Monthly Archives: April 2008

It’s here, it’s green, and it’s got ears!

And it’s so exciting! My OLPC laptop has arrived at last!

In case you’ve been living in a cupboard for the past couple of years (this is mainstream, afterall), the One Laptop Per Child (OLPC) project’s aim is to design a small, cheap, lightweight but robust laptop as a tool to support education in developing countries. The XO (or OLPC) laptop is the result of that effort.

So what’s it like? Well, I’m typing this blog post on it. The width of the laptop is 22.5cm (I just measured it) so the keyboard is quite small. I can’t touchtype on it but I can work up to a fairly efficient multi-finger typing. It’s a bit like typing on the Psion palm-top but the keys feel nicer because they’re rubbery and press easily.

The screen on the XO is amazing. It was designed especially for the requirements of the OLPC project. Many of the children that will use the XO laptop are schooled, or spend a lot of time, out of doors. Therefore, a typical laptop screen would be no good – bright sunlight would render the screen unreadable. There are two modes to the XO’s screen: a full-colour mode which is

pretty readable in sunlight as it is, and a monochrome mode which actually gets clearer to read the brighter the sunlight. Why aren’t all laptops made like this? Working at home in the summer would be so much more fun!

What else? Well, the ‘ears’ are actually the wireless antenae which will still work, apparently, even if you snap one off (they’re actually slightly flexible and tougher than they look in photos). I can connect to my home WPA-encrypted wireless network (but not, sadly, to my work LEAP netwok). There’s no ethernet port but you can, i think, get an ethernet USB dongle to work.

It has a built-in webcam. It comes with 1 GB solid state storage but I’ve put an 8 GB SDHC card in the slot beneath the screen to have more space than I’m bound ever to need. It has a built-in microphone and speakers, with mini-jack sockets for plugging in an external mic and headphones. Or, alternatively, you can plug in different inputs (eg a temperature sensor) to the mic socket.

And there’s ‘ebook mode’… You know how you can get some highly-priced regular laptops that have a screen that swivels round into ‘tablet mode’? Well, the XO does that too. To be fair, the XO doesn’t have a touch-sensitive screen but then its screen swivels so that you can use it to read ebooks. At the press of a button, you can rotate the display by 90, 180, 270, or 360 degrees. And if reading an ebook isn’t your thing, you can play games using the game buttons on either side of the screen.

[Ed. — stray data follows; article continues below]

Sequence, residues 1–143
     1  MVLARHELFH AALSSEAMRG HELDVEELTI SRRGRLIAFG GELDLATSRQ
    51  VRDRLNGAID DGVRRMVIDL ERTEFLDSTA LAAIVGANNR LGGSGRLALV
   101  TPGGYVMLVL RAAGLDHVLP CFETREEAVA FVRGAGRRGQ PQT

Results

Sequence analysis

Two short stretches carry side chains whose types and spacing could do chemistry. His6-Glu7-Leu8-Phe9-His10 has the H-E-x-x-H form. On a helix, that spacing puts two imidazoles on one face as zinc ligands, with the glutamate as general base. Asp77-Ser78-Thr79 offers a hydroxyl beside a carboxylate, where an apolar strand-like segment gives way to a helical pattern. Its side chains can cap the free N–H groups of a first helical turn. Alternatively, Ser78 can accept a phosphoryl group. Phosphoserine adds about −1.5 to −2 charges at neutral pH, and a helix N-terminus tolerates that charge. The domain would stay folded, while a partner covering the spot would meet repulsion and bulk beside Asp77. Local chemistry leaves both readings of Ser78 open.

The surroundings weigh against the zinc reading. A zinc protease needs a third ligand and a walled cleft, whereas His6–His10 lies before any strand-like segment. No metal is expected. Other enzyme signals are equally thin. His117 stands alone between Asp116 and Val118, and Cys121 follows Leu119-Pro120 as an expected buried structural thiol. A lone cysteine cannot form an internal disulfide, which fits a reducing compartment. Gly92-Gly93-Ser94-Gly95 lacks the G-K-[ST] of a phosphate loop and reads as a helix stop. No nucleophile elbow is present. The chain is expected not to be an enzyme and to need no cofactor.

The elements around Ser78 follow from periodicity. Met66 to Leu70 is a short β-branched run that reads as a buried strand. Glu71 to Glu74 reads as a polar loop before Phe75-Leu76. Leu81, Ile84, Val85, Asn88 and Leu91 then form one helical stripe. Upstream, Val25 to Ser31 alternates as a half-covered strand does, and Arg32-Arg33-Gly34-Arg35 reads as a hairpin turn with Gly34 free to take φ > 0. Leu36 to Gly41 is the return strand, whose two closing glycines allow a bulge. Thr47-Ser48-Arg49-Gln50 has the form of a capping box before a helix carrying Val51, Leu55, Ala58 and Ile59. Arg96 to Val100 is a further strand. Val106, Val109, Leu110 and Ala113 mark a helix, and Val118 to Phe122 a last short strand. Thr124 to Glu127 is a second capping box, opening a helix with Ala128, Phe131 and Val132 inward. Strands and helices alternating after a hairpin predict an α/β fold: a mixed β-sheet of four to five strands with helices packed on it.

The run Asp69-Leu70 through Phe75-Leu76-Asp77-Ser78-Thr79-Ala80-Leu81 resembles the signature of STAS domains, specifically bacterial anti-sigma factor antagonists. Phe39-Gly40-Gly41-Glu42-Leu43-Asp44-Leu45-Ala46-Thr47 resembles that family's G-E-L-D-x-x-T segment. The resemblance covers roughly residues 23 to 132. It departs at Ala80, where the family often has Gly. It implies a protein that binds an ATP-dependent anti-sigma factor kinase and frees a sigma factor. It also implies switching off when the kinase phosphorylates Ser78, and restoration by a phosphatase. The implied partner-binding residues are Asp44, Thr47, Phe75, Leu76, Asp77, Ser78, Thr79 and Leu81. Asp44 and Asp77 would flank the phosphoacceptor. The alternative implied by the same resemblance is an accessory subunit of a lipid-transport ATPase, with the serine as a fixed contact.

I know I’m sounding like a commercial break now but it really is that cool. And rather sweet for a inanimate object. And it has a handle. And it fits in my handbag.

Oh, and did I mention it’s green?

And it has ears. 🙂

Feeling smug down in Economy

I recently booked a transatlantic return flight for Tony and me with Virgin Atlantic. When you view your booking details on the Virgin website, they include a link to their carbon offsetting scheme.

A while ago, I wrote a blog post (Carbon off-setting) in which I described my current view (or near lack of) of carbon off-setting schemes. When I booked the Virgin flights, I didn’t immediately go for the carbon off-setting option because it pointed to a company I’d not heard of and, in a world of dodgy carbon off-setting schemes, how do I know they’re any different?

So I did a bit of research. I remember last year the UK Government (specifically Defra) identified four carbon off-setting companies that were kind of recommended but kind of not. Which is a reflection of the state of confusion customers are in. While I used Climate Care last year because that’s what The Co-op uses (and, apparently, The Guardian too), Climate Care isn’t one of the companies on Defra’s list, which means that it doesn’t meet Defra’s guidelines. But are Defra’s guidelines really that good?

I came across an interesting article in The Guardian from last summer. At the end of the article, it mentions a not-for-profit Gold Standard method which accredits carbon off-setting projects (renewable energy and energy efficiency projects with sustainable development benefits). This rang a bell with what I’d seen on the Virgin website.

Virgin Atlantic have set up a scheme with myclimate, a Swiss not-for-profit foundation, that customers can use to offset their flights. myclimate have several projects, including some that have already achieved accreditation by the Gold Standard, which is supported by several groups, including Greenpeace.

You can be cynical about an air travel company providing this kind of service – obviously it’s great for their image – but it does look as if Virgin have spent a fair amount of effort on it. They even provide a page explaining how Virgin calculates the carbon emissions of their customers (we’re travelling Economy – hence my titular smugness).

So, having read around a bit about the Gold Standard method of assessing projects’ effectiveness, I decided to go with Virgin and myclimate’s service. And I’ll probably use myclimate in future too (although there are other companies and not-for-profits that have Gold Standard-accredited projects as well).